I thought you would enjoy the topic of the guest post. I am strongly encouraging discussion of the idea of getting kids learning foreign language early. ~A.hermitt
Monolinguals are fast becoming an exception to the rule. Whereas in the past, English was thought to suffice as a single language to unlock the hearts and minds of everyone on the planet, this is no longer true. Speaking a foreign language isn’t just a nice addition to a CV any more – it is becoming an almost essential commodity. An almost essential commodity your own children will soon require.
There was a time when teaching a child more than one language was discouraged. Doing so was only thought to confuse and disorientate, leaving them speaking a nonsensical hybrid of two languages. Fortunately, such myths have now largely been dispelled. Children learn far better at an early age because it involves little effort on their part, so there is never a better time in life to teach them a language. As the Multilingual Children’s
Association says on its website: “Considering how much babies have to learn in their first 3-5 years, another language doesn't really add much to the load.”
There is much scientific research to back this up. The brain’s synapses peak before the age of two, and in that time gray matter is more flexible (proved by babies who have had operations removing a portion of the brain before the age of five, and still recovered their language ability), so more willing to change to new ways of thinking. Additionally, infants have more perceptive hearing than adults, so can detect different sounds and pick up on linguistic nuances far easier than most of their elders.
The next wave of doubt that comes from parents is whether, in addition to all the other stresses and strains of bringing up a child, teaching them a second language is feasible. First, it’s important to realize the amount of effort involved; it’s less than you might think. Consider a child growing up in a multi-cultured family; in most cases the child assimilates both languages with natural ease. But why should bilingualism be confined to children in these families alone… perhaps multi-cultural parents have a marginally advantageous setup, yet not by much. Teaching a child a new language is a world apart from doing the same with an adult: the child will do the majority of the work (even if they do not realize it) and all you as a parent need to invest in is a few rudimentary learning tools and a willingness to speak to your child in another language from time-to-time. Also bear in mind that with Latin-based languages (such as French or Spanish), the child will assimilate vocabulary extra-quickly.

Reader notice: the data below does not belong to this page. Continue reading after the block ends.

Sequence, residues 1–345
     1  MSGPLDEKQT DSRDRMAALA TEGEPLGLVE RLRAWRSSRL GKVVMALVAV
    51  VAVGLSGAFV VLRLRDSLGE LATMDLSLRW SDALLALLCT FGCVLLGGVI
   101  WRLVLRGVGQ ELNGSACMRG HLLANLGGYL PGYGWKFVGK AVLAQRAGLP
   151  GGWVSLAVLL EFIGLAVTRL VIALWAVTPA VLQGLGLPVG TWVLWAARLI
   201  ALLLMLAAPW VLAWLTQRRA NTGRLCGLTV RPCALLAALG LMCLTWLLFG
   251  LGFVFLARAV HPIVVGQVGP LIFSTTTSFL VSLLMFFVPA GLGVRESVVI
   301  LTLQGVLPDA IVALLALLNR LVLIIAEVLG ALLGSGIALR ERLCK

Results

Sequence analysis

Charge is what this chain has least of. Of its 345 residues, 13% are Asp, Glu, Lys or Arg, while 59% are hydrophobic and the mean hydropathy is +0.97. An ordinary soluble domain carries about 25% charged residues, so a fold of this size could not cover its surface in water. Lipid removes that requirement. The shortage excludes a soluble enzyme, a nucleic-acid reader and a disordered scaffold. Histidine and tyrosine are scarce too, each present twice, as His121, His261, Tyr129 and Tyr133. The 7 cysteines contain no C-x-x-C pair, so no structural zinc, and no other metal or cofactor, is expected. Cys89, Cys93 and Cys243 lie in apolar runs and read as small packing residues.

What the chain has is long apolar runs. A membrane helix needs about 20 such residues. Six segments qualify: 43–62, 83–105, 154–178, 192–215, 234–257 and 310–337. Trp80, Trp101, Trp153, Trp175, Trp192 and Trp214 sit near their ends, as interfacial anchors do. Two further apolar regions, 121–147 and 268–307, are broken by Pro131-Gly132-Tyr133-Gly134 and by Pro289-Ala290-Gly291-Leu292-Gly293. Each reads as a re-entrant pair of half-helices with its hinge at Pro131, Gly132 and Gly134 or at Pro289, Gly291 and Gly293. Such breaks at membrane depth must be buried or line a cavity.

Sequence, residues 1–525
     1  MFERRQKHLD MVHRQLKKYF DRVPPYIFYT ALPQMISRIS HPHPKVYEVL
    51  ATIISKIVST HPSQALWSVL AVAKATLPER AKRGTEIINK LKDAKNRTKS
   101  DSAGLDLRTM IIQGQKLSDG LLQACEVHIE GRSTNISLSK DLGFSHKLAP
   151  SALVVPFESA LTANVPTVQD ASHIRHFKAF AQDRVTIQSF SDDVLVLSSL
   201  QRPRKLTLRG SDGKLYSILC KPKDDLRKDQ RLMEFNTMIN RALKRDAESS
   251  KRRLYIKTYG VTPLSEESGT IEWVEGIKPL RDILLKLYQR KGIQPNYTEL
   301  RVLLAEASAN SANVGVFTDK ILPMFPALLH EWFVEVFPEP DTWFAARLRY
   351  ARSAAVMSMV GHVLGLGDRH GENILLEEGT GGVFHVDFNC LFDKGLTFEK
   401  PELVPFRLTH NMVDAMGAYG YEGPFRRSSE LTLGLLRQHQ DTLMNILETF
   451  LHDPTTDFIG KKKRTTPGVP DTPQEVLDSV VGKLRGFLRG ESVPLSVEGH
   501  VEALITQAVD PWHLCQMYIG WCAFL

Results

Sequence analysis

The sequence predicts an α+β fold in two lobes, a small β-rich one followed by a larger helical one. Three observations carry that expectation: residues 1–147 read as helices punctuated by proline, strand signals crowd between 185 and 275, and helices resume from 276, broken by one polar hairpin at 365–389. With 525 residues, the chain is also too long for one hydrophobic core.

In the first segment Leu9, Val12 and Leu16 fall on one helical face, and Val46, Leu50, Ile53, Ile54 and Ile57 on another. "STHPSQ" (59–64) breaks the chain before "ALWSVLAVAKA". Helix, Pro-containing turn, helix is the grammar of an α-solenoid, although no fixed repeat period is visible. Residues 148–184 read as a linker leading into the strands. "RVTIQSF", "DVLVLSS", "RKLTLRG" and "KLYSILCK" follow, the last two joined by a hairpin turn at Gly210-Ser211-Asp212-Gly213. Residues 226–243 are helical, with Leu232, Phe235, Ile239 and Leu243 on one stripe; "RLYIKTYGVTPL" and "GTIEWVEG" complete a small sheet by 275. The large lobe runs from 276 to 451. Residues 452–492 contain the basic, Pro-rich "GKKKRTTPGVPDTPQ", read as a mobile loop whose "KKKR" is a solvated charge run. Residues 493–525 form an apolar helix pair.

So what exactly are the benefits of having a multilingual child? By the time they reach school age, children who speak more than one language tend to be more engaged and engaging. As Temple University speech pathology professor Carol Scheffner Hammer claims: “Bilingual kids have better self-regulation, which will help them do better in school.” Knowledge of a second language also helps ease the child into varied environments, likely to make them more sociable, and therefore make friends easier. Skills like this don’t disappear either; these social attributes often last a lifetime.
Looking further into the future, the benefits only increase. According to Salary.com, bilingual employees earn between 5 and 20 per cent more per hour than the entry-level pay for their positions. With more and more competition for overseas jobs too, the prosperous child of the future will, more often than not, be bilingual. In other words, teaching your child a second language now will win them a massive head-start for their working life. If you like, it’s a form of further education before they’ve even commenced formal education.
One of the greatest advantages of your child learning a second language is that it becomes infinitely easier for them to learn a third. As Sarah Spyrou of Yahoo! Voices says: “Bilingual children notice differences in expression, cultural influences and they can sometimes even see the origin of some commonly used words.” Of course, it may seem too early to be considering this, but the fact is that, just like a bilingual is open to more opportunities than a monolingual, so is someone who can speak three languages rather than two. Languages beget languages, which in turn increase success in life.
Aside from the benefits reaped by the child, there are benefits for the parents too. Those who didn’t know a single word of a language before they started teaching it to their child will find the learning experience as much of an education as the child does. And nothing can put a price on seeing your child’s language skills improve day in, day out. It is joint participation like this which helps strengthen the bond between parent and child.
It’s never too early for a child to begin with a second language, but is it ever too late? Well, the short answer is no – it’s always possible to learn a language – but from the age of around six or seven, the superhuman learning abilities of a child begin to wane, making it considerably less intuitive. “Brain imaging studies show that languages in bilingual infants are stored closer together in the brain than in later bilinguals,” says the Multilingual Children’s Association. When this so-called ‘critical period’ is over, the child’s brain becomes similar to that of an adult’s, which means that language learning will never be as easy again. Which is why the time to start teaching your child a foreign language is now.
Purna Virji possesses a talent for learning new languages with six in her present language-speaking repertoire. She is a former producer for an Emmy-nominated television show with a master’s degree in international journalism. She currently works at Pimsleur Approach, the world leader in the audio-based, language-learning program developed by Dr. Paul Pimsleur.